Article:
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Analysis: Pope uses Latin American trips to recover soul of the Catholic Church

Tracy Wilkinson, Tribune Washington Bureau on

Published in Religious News

In Peru, home to liberation theology's founder, Gustavo Gutierrez, John Paul named as archbishop of Lima a member of the ultra-conservative Opus Dei organization, Juan Luis Cipriani, in 1999. Two years later, the pope elevated Cipriani to cardinal, one of only two Opus Dei members to receive such high ranking. Cipriani remains in the position today.

"Not surprisingly, Francis has a much deeper, more nuanced understanding of Latin America," said Father Thomas Reese, like Francis a Jesuit, and a veteran commentator on the Vatican.

Francis has in fact sought to revive liberation theology in its pastoral application -- not political but in what theologians call "base community" work in the region's slums and marginalized areas.

The first pope from the Americas has drawn on his own experience. As a bishop and later cardinal in his native Buenos Aires, Francis often ministered to the poor, and he instructed the priests under his command to do the same. If they returned without mud on their shoes, the man then known as Father Jorge Mario Bergoglio would say they had failed in their mission.

"Experimentation was a dirty word" for many traditional clergy after the Second Vatican Council, which instituted many progressive reforms in the church in the mid-1960s, Reese said. "Not for Francis."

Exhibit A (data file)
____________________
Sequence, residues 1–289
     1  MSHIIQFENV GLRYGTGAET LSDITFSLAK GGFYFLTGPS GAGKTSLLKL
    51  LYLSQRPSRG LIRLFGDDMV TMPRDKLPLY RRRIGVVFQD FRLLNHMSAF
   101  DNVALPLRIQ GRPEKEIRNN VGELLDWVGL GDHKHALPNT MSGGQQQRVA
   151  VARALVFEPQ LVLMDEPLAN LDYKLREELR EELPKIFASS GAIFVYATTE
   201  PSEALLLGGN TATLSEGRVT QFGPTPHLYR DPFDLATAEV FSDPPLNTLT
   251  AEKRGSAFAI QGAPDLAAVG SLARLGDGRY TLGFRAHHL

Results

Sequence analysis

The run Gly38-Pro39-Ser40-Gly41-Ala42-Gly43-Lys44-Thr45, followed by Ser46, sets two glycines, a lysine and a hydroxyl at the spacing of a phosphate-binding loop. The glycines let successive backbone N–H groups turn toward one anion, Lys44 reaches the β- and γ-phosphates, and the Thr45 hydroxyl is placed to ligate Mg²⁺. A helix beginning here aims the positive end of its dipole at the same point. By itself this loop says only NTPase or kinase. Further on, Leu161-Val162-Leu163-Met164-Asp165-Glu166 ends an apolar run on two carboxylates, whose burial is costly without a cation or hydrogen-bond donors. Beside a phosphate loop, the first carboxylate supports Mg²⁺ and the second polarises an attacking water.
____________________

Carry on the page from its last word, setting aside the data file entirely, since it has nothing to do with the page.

Francis became pope in March 2013, after Benedict broke centuries of tradition and resigned. In addition to this week's trip, his Latin American voyages include Brazil in 2013; Ecuador, Bolivia and Paraguay in 2015; Mexico in 2016, and Colombia last year.

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Latin America remains the most Catholic continent, home to roughly 40 percent of the world's Catholics, or more than 500 million people. But it has been steadily losing the faithful. In Chile, for example, a poll this month by the Santiago-based think tank Latino barometro showed that the number of Chileans calling themselves Catholic fell to 45 percent last year, from 74 percent in 1995.

Perhaps most startling was the number now calling themselves atheist, agnostic or without a religion: 38 percent. (Even in relatively secular United States, the average is 22 percent.)

Despite his star power, Francis may not be able to stanch the hemorrhaging of church membership which has gone on for so long and had so many causes, said Andrew Chesnut, chairman of the Catholic Studies department at Virginia Commonwealth University.

He noted that losses in Chile actually accelerated in the last five years, following outrage over the case of Father Fernando Karadima, whom the Vatican accused of molesting boys for years following an investigation in 2011. Francis came under criticism for allowing a bishop -- said to have been mentored by Karadima -- to assume leadership of a diocese in southern Chile.

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